‘It’s a reset’: Virus shutdown forces change in church
AS CONGREGATIONS prepare to start meeting in person again, Fraser Coast church leaders aren't quite ready to let go of online services.
In fact, Leighton Johannesen, ministry director at Hervey Bay Baptist Church, said taking church online had opened up new opportunities to connect with parishioners.
He said the coronavirus enforced restrictions on gatherings had given church leaders an opportunity to stop and ask if what they're doing is really working.
"I think through this time, it's a reset of church mindset and the way we do things," Mr Johannesen said.
"A lot of people have been asking 'what is church all about?' Is the modern style of church effective?"
Mr Johennesen said the church - one of the largest on the Fraser Coast - would start in-person gatherings again mid-August.
Strict social distancing rules will be in place but he said the church's large, warehouse-style building in Nikenbah could easily accommodate 250 people at once while sticking to the guidelines.
While church members are certainly eager to start meeting again, Mr Johannesen said feedback from congregants and church survey data suggested it was time to do things differently.
"What I'm hearing from people is the need to be the church in the community, rather than having the community come to us, which has been our model for a long time," he said.
"If there's going to be a change, it's going to looking towards how we serve the community and not having the Sunday service be our main attraction."
Mr Johannesen said church staff had reached out to older members of the church who may have been feeling isolated throughout the COVID-19 shutdown.
He said while the elderly certainly counted on Sunday morning services for social interaction, there was not the sense of urgency to get back to it that many might expect.
In fact, he said, older people had been early and eager adopters of prerecorded online church services and live streaming.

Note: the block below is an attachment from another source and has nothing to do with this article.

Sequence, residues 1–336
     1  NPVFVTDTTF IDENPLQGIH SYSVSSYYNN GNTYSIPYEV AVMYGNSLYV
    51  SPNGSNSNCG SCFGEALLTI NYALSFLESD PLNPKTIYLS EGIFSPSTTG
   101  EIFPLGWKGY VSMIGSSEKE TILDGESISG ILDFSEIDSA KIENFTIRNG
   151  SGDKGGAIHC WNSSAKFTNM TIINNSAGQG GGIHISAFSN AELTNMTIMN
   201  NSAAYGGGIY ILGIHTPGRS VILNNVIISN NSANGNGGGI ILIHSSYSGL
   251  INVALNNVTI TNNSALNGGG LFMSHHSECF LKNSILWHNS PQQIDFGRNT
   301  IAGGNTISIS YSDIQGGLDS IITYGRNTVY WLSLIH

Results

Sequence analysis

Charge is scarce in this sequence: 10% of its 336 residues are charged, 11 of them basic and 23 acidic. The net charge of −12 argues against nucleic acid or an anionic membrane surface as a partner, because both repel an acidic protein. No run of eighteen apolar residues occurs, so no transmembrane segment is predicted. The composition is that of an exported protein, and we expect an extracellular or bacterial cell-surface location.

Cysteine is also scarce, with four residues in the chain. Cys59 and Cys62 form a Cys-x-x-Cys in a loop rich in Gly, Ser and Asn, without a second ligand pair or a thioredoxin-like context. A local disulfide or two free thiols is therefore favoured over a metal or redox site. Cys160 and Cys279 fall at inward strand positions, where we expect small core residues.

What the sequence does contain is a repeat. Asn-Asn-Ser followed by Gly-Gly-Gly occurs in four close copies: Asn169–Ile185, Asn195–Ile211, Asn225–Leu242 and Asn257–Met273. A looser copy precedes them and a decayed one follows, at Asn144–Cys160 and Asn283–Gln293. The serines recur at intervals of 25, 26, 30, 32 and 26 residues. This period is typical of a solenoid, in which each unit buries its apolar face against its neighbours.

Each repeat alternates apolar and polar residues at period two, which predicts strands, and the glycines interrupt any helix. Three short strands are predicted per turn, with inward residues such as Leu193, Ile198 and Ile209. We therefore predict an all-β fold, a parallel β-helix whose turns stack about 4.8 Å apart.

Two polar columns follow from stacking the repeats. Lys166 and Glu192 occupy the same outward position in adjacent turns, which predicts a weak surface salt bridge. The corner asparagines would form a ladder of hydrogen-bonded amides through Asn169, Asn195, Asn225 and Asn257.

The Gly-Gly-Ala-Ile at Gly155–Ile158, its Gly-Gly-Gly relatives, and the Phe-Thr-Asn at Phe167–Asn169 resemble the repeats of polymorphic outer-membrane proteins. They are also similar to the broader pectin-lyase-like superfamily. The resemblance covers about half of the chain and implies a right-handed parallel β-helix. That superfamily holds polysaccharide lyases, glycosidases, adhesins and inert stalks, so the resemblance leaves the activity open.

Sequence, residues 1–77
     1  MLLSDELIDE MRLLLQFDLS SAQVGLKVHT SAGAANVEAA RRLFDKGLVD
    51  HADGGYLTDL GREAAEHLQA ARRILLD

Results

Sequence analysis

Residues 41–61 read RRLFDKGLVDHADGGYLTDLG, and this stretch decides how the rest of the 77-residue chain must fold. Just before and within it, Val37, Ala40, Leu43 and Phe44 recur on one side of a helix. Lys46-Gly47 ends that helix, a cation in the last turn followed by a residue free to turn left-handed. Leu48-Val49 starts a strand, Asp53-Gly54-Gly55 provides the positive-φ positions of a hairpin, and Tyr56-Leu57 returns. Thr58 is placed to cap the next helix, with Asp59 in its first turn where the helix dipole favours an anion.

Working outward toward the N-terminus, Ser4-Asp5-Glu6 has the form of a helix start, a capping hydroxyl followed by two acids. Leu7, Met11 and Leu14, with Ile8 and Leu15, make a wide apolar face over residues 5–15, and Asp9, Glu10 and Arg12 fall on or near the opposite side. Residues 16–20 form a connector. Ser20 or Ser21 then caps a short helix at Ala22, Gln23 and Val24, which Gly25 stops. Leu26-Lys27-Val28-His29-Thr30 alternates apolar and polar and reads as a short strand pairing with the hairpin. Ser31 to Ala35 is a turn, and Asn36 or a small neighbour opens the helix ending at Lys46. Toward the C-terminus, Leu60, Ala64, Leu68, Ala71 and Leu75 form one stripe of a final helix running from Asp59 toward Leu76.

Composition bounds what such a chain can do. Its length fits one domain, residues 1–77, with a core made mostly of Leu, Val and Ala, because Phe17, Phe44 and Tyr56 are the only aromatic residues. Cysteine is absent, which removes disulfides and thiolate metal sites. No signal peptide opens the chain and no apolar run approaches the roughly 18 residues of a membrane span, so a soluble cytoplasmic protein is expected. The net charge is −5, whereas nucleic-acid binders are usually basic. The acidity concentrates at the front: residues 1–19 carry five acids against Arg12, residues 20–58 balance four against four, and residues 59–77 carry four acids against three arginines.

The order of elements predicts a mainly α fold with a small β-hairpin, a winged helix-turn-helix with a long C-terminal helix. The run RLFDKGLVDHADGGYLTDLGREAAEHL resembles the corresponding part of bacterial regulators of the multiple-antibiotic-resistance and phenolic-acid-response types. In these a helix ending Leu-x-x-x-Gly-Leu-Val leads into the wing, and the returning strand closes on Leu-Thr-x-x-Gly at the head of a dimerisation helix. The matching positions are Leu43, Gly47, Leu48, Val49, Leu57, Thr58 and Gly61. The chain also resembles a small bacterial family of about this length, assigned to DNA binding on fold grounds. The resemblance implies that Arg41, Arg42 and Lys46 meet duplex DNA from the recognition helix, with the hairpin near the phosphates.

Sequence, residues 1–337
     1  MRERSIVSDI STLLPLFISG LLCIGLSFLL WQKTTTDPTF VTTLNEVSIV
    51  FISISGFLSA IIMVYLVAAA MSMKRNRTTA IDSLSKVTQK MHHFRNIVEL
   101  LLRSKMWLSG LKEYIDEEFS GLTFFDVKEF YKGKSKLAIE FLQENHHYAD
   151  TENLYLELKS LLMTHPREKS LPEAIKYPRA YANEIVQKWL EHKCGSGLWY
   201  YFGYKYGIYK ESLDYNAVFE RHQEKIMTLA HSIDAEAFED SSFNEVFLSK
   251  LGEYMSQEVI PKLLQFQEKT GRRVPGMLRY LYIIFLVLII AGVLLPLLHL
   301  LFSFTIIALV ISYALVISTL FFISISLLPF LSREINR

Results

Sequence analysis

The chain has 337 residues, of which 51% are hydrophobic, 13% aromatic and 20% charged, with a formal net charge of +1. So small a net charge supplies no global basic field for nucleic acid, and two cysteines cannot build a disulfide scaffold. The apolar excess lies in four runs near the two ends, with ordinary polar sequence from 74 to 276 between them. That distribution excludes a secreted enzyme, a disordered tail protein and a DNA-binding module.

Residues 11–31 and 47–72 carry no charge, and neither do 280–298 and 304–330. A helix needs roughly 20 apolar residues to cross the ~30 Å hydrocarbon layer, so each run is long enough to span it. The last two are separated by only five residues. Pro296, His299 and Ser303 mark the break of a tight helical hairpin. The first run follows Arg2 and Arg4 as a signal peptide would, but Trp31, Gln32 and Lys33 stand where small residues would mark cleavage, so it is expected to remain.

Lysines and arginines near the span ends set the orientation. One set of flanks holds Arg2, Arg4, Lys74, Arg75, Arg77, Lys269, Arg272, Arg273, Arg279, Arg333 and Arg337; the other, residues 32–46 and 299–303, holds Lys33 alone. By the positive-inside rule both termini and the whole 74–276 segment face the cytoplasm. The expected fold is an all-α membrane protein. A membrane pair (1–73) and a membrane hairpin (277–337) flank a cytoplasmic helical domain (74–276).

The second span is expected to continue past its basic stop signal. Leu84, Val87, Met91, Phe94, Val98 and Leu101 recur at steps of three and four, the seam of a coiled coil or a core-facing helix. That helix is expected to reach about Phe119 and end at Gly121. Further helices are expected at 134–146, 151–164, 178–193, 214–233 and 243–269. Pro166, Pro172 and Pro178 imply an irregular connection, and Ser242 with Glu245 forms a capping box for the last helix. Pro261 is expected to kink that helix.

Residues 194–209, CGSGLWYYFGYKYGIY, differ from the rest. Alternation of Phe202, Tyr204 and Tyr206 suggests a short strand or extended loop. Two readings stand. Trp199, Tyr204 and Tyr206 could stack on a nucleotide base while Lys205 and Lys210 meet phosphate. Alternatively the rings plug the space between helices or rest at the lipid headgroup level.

"A lot of feedback coming from older people is that leaving their house on a Sunday morning is really hard," Mr Johannesen said.
"The online platform has actually helped them feel connected while not having to deal with their transport issues or health issues."
Andrew Crighton, senior pastor of Hervey Bay Church of Christ, said the experience at his church had been different.
He said older church members struggled with the Facebook live technology and there had been efforts made to start meeting in person "as soon as we could".
"We're very hopeful that we're going to be able to go back and meet for a Sunday gathering on July 12," Pa Crighton said.
Numbers and social distancing will not be a challenge for his church as a Sunday service usually has about 50 people attend, he said.
"We fairly quickly transitioned to Facebook Live but it doesn't replace the meeting in person and the interaction you get through that," Pa Crighton said.
"When we got to the point we could meet with 10, we started having dinners together. We've been doing that ever since."
David Shipp, assistant pastor at Tinana Christian Church, said his congregation would also start meeting again on July 12.
The size of the TCC building means numbers will have to be capped at 60 people, to allow for social distancing, so Sundays will be split into two services, plus a separate children's program.
Pa Shipp said shifting to online church had been a "steep learning curve" but it had forced innovation.
The church has introduced a YouTube series called Tinana TV, aimed at kids and families, which Pa Shipp intends to maintain after restrictions are lifted.
He said they hoped to continue filming and broadcasting services as feedback on this had been overwhelmingly positive.
"I think what's happening with a lot of the other pastors I've been talking to is we're pushing the things we've been wanting to do but haven't had time to do," he said.